I rewrote your main() method to this:

    Code:
    int main(void)
    {
    	char pass_input[6];
    	int key_input;
    
    	get_password(pass_input);
    	get_key(&key_input);
    	encrypt(pass_input, &key_input);
    	printf("pass_input: &#37;s\n", pass_input);
    
    	return 0;
    }
    Try to understand why I made the changes that I did.

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    thank you for replying

    Yes the function prototypes are commented well but this was provided by my instructor (thats why their the only thing in there that look good). The course in c I am doing is supposed to be totaly compatible with C++ so maybe thats why it looks like C++?

  6. #6
    Math wizard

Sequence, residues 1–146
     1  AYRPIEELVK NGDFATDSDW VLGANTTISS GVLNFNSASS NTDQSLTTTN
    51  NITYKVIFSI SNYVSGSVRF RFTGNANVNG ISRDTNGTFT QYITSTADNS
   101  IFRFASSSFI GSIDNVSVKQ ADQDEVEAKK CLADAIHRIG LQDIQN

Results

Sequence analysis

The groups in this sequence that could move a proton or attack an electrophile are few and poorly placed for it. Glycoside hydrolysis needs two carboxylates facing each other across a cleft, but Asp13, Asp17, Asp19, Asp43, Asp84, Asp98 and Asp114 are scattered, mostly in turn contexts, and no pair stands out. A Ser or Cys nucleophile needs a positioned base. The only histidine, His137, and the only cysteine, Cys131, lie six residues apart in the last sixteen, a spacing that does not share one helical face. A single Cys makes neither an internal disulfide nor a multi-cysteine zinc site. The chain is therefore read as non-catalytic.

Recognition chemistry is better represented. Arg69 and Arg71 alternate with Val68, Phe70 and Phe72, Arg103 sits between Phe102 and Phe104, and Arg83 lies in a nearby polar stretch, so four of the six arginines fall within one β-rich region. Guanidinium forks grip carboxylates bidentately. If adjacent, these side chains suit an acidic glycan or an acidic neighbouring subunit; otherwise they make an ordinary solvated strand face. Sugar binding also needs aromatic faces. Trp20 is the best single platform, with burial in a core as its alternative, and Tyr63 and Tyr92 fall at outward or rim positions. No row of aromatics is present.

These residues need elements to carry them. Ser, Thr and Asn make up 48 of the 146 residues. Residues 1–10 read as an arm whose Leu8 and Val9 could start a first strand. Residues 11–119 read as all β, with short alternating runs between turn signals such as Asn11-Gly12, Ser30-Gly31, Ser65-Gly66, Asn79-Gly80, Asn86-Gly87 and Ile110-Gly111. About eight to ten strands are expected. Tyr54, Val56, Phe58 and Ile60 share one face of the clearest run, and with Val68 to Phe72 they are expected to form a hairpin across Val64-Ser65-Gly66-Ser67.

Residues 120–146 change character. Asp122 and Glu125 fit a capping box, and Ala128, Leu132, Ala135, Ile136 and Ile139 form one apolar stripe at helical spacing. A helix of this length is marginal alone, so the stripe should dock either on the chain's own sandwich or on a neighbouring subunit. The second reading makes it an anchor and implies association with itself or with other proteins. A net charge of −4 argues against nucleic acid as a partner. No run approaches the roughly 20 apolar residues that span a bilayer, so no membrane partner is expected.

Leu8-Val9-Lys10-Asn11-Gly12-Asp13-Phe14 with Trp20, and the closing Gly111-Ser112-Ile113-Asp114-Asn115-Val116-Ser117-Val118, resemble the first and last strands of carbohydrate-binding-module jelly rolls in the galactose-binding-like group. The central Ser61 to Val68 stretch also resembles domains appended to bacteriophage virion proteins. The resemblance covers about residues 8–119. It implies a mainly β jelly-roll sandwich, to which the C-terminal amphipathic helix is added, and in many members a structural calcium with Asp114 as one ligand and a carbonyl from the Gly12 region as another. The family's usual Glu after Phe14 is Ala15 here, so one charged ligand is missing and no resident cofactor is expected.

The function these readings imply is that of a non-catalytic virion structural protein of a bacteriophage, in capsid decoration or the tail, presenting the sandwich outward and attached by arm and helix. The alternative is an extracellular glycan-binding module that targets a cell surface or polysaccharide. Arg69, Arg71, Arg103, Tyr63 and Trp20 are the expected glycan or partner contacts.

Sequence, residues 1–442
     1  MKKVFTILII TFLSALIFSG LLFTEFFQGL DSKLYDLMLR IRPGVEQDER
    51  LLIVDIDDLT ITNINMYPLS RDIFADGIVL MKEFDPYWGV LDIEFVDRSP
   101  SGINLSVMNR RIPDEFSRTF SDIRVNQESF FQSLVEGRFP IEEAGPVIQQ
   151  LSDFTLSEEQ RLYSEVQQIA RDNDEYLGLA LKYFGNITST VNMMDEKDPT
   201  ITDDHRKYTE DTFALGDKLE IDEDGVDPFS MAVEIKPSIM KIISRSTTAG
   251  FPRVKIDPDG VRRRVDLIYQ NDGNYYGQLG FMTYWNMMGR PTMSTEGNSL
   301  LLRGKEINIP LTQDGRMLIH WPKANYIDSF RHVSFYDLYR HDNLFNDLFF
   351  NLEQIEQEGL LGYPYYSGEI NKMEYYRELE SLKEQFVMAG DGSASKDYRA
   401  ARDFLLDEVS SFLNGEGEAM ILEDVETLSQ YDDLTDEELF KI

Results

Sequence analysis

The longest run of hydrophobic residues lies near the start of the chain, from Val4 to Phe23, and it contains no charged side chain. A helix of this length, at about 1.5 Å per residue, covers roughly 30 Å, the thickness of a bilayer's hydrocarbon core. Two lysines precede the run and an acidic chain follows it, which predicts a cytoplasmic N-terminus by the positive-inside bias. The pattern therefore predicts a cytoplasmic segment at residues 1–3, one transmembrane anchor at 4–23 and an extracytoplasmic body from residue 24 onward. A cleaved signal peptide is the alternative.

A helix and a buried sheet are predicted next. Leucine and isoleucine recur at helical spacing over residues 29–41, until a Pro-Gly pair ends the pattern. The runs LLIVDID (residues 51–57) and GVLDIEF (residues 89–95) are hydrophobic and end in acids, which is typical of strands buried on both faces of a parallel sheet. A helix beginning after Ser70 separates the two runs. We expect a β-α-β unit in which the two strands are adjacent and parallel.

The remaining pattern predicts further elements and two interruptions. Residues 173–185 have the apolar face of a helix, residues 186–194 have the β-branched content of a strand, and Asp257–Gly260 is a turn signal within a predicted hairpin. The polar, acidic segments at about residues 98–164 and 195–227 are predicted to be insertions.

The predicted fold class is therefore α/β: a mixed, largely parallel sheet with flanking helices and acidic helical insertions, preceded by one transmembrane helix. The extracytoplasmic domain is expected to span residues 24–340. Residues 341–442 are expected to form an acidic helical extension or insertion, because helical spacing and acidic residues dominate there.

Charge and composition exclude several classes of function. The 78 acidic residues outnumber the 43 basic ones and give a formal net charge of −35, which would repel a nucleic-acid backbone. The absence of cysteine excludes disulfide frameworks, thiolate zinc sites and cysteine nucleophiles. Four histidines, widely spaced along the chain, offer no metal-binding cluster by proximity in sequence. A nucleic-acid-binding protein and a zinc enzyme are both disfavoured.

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    Where you have the void functions at the end, I see "char *, int *..." in the list of parameters. One potential problem is that you didn't specify the name of the pointer to the char.

    And if this is C++ code instead of C, this thread should be moved to the C++ forum.
    High elevation is the best elevation. The higher, the better the view!
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  7. #7
    Deathray Engineer MacGyver's Avatar
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    Quote Originally Posted by ulillillia View Post
    And if this is C++ code instead of C, this thread should be moved to the C++ forum.
    It isn't. It's C code, but apparently saved in a .cpp file. The filename should be changed to have a .c extension.

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    All our work has to be saved as .cpp It is part of the rquirements of the assignment.